S'poreans weigh in: Is charging 5 cents for plastic bags going to save the environment? , Latest Singapore News - The New Paper

S'poreans weigh in: Is charging 5 cents for plastic bags going to save the environment?

As major supermarkets start to charge for plastic bags, Singaporeans TNP spoke to have mixed views on how effective the move is in saving the environment.

While some people felt it was a positive change, others were not so convinced.  

Ms Amelia, 27, who was buying groceries at Cold Storage supermarket at Novena Square, said, “I never really brought a reusable bag before but from now on I definitely will.

“Besides less plastic being used, I think this new rule will also make Singaporeans reflect on the state of our environment. Makes them think, why does the government think it is important enough to introduce this?” continued the Masters student at the National University of Singapore.

Ms Heidi Chia, 51, a secondary school teacher, who was at FairPrice Junction 8, felt that 5 cents is just the right amount to charge per bag.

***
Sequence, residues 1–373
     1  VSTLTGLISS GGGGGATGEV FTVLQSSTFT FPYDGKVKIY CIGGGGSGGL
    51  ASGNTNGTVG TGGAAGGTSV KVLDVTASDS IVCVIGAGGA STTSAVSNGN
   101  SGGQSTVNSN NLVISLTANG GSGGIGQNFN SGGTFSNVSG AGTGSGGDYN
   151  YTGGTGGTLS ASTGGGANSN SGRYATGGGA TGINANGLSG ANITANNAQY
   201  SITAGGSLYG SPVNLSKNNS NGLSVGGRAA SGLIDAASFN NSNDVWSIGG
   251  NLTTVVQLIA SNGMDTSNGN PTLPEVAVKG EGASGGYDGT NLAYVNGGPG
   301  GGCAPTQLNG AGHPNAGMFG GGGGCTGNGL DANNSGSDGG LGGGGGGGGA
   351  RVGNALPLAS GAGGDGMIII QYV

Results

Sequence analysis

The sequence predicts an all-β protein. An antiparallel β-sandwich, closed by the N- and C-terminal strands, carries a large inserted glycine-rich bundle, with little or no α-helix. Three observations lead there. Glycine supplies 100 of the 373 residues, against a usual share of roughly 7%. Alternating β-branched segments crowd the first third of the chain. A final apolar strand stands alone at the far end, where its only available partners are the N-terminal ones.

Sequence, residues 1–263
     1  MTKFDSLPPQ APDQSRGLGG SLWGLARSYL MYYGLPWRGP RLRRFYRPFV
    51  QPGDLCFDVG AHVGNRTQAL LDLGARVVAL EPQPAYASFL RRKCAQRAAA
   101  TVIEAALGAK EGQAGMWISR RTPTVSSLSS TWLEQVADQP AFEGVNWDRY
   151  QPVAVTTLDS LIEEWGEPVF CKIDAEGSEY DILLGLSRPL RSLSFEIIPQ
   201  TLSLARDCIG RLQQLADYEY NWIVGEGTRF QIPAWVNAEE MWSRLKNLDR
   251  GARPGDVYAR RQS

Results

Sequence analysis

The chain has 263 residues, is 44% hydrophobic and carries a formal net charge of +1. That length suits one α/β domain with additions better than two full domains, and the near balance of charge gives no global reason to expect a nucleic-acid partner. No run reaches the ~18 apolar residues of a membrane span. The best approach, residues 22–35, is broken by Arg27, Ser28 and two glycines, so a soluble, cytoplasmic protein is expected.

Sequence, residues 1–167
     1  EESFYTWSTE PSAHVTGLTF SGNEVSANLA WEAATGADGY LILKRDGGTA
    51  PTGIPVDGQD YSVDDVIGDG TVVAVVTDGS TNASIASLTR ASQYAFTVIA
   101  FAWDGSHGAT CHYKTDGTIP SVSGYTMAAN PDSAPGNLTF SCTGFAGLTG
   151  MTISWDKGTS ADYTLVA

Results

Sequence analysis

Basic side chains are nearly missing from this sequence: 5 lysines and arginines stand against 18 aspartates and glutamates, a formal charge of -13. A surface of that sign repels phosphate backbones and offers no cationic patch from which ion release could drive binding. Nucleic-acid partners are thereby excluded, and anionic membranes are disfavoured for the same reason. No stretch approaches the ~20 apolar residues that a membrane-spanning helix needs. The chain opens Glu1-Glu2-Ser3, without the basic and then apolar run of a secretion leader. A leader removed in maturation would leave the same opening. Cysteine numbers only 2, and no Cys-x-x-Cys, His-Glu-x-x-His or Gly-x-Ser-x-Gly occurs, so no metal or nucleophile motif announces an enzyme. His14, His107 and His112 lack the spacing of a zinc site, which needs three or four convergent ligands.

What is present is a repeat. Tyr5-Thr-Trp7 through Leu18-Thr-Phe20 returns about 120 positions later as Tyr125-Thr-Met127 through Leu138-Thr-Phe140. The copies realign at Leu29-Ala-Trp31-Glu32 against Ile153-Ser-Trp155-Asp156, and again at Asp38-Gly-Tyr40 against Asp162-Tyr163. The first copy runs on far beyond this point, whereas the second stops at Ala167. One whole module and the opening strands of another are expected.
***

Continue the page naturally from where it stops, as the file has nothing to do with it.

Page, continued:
“I think this amount is good, enough to make people bring their own bag. But if they forget, it’s okay. It’s just 5 cents. (Just) remember next time.”

But some other customers had concerns. 

Besides forgetting to bring a reusable bag whenever they go to a major supermarket, the issue of bagging trash stood out to them. 

“I think this is a good move for the environment. Maybe not (for) customers, but good for the environment,” said Mr Hong Teck Soo, 45, a banker. “I’m more worried for my mum as she is old and can be forgetful.”

Ms Stephanie Teo, 50, a new employee of Cold Storage at Novena Square, overheard some “customers complaining that they now have to buy their own garbage bags". 

Without plastic bags from supermarkets, the Singaporean habit of using them to bag waste may now change as more people may have to buy garbage bags off the shelf.

Ms Teo, who has been using a reusable bag for a year, has found herself shelling out money for garbage bags as she no longer has enough used ones at home.

Even Ms Chia has the same issue. 

“I guess I have to go buy plastic bags or use bags from other things like shopping," she said.

Senior Minister of State for Sustainability and the Environment, Dr Amy Khor, has announced a recycling box for collection from vending machines later this month to alleviate the need for disposable plastic bags, and Mr Andrew Yeo, of Zero Waste SG, has suggested alternatives such as empty bread bags and other types of packaging.

NTUC FairPrice reported that plastic bag usage has halved since it began charging for them four years ago. 

As this charge extends to all major supermarket chains, the new rule could be an effective way to lower waste consumption in the long run.

Ultimately, it will be up to Singaporeans to decide their daily habits, environmentally conscious or not.